Monday, July 28, 2008

Not Everything Is Bigger in Texas

While tough economic times don't seem to be hitting baseball's gate too hard overall, the Rangers are experiencing a decline this season:

The team returns to Arlington tonight for the first time since the All-Star Game. Home attendance has averaged about 20 percent less than through the same number of dates in 2007. So far this season, about half of the available tickets have sold for each game on average.
It's a good article exploring just how many different things go into a team's ticket sales. Geography + gas prices and the typical delay you see in on-the-field-performance translating to tickets sold (i.e. don't look to see a Josh Hamilton bump until late in the year or next season) all seem to be sensible explanations to me.

One other thing that interests me is the line in the article about how "Major League Baseball appears immune to the sluggish economy and could set another attendance record this season." Those things don't necessarily go together. How many discount tickets are being sold? How are concessions and souvenirs doing? I ask because (a) I can totally imagine a situation in which attendance stays the same or even increases while revenue goes down a bit; and (b) I am having a hard time imagining that baseball is immune to bad economic times.


Anonymous said...

could it be that the average fan (who would be effected by ups and down of economy) is just not a large contributor to the ticket buying base anymore? the corporations who buy blocks of tickets dont seem to ever slow down spending (unless on employee benifits or downsizing)and continue to buy tix.
if you are effected by gas price going up or down 50 cents in year of course you cant afford more than one game but did could they afford more than one last year? prob not.

RoyceTheBaseballHack said...

Gary Jacobson's article is pretty good- I agree with most of. I like his writing, and he seems to cover The Rangers well. I'll only add a few things, as emphasis to what Gary covers:
1) Arlington is pretty good hike from most of the neighborhoods that their support should be coming from. Not only that, but the stadium is a beating to get to - from just about any direction except the West (Ft. Worth). Especially now, as I-30, right in front of the property, is in the midst of a full-out rebuild. Add to that...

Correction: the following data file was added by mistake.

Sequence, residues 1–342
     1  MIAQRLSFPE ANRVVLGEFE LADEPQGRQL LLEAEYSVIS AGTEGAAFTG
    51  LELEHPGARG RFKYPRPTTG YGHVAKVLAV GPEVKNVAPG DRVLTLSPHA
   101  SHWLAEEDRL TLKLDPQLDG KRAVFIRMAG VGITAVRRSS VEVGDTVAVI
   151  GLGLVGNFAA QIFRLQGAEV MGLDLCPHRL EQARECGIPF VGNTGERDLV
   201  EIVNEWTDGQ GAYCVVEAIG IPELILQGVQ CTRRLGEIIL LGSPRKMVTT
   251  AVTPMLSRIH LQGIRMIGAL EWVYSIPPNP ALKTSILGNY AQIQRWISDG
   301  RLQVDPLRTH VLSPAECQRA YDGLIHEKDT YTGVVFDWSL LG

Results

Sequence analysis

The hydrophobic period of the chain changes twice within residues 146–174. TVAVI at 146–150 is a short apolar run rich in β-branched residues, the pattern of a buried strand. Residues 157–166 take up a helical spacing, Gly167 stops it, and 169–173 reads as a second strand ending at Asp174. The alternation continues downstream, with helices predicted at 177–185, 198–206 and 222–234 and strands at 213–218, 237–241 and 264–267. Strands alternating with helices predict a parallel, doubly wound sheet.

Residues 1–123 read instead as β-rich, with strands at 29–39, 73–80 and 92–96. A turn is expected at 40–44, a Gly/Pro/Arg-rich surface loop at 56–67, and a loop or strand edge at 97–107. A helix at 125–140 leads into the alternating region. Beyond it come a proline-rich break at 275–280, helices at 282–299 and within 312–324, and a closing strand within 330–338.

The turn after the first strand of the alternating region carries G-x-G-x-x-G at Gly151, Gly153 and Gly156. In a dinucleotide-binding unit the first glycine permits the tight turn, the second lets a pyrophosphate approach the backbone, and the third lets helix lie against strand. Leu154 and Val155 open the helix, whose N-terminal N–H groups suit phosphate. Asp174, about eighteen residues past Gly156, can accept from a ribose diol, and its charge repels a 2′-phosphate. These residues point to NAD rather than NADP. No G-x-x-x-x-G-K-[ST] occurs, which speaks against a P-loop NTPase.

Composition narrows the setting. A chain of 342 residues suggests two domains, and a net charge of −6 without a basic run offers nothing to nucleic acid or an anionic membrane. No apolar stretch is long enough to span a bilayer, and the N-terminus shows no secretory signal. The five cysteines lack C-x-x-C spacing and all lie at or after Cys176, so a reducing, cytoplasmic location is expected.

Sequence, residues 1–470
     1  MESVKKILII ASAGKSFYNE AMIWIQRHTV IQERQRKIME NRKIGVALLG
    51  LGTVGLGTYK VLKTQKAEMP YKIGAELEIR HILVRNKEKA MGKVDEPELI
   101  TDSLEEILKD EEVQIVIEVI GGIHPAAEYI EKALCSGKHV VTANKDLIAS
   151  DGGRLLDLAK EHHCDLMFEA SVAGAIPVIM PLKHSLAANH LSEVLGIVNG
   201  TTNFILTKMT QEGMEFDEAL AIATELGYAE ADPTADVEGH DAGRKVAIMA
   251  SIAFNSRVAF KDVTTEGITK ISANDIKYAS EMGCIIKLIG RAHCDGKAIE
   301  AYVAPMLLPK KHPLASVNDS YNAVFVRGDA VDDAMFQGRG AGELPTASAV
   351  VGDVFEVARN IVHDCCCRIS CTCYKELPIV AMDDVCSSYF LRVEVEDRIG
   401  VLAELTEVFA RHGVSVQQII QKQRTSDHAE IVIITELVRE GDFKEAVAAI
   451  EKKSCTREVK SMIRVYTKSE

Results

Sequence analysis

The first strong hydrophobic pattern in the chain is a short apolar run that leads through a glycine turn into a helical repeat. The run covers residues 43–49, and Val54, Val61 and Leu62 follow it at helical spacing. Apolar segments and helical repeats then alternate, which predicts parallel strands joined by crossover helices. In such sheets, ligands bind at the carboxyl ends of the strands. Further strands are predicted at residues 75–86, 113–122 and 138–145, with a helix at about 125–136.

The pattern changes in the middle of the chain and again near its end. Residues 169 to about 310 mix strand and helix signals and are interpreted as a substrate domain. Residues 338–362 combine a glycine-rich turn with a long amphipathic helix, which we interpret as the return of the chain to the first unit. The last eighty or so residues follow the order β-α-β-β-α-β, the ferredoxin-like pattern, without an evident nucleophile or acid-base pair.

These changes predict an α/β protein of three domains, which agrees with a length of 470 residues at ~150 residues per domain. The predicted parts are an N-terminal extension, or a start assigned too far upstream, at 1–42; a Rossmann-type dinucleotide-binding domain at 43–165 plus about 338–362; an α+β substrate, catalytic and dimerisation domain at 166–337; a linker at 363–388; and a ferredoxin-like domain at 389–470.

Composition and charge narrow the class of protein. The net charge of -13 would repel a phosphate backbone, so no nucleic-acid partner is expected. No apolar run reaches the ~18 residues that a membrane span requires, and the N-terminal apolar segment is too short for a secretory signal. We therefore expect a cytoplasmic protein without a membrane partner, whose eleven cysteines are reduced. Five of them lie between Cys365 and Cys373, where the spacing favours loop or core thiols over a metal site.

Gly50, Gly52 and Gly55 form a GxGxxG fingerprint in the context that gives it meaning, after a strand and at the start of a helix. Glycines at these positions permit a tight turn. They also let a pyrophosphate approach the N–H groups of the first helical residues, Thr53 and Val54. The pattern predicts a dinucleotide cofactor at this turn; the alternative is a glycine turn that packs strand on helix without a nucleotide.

2) The heat. Once summer gets rolling down here, the heat is pretty rough. I grew up in Houston, but the heat in this area is on a different plane. Even people who come here from all over the state comment on how brutal it is. As I write this, the first pitch in Arlington was ten minutes ago. It's 99 degrees at the stadium. It might be 85 by 10:00 pm.
3) A lot of people in the area love The Rangers - but compared to the Cowboys, they're a distant second.
But, I don't buy the comparison about selling seats. Cowboy's tickets are expensive, but they only have to sell eight home games. The Rangers have a slightly more daunting task of selling them for 81. In my opinion, any comparison of the two is meaningless.
4) The TV and radio teams are pretty good, and most of the people I know here who follow the team catch part of every game from either venue.
In summary:
1) The stadium is kind of hard to get to, and mass transit options from Dallas and the Northern areas are non-existent.
2) Traffic around Arlington on weekday evenings is a sonic beating beyond belief.
3) It's bloody damned hot here in the summer.

Anonymous said...


Well, I know here in Norcal the A's attendance is off 4,000 per game from 2007, and the Giants are off 5,000. I've talked about this before, but didn't realize until recently that the CA unemployment rate is 6.9% way higher than national average.

We don't have the Texas heat, but my guess is TX doesn't have our bad economy quite yet.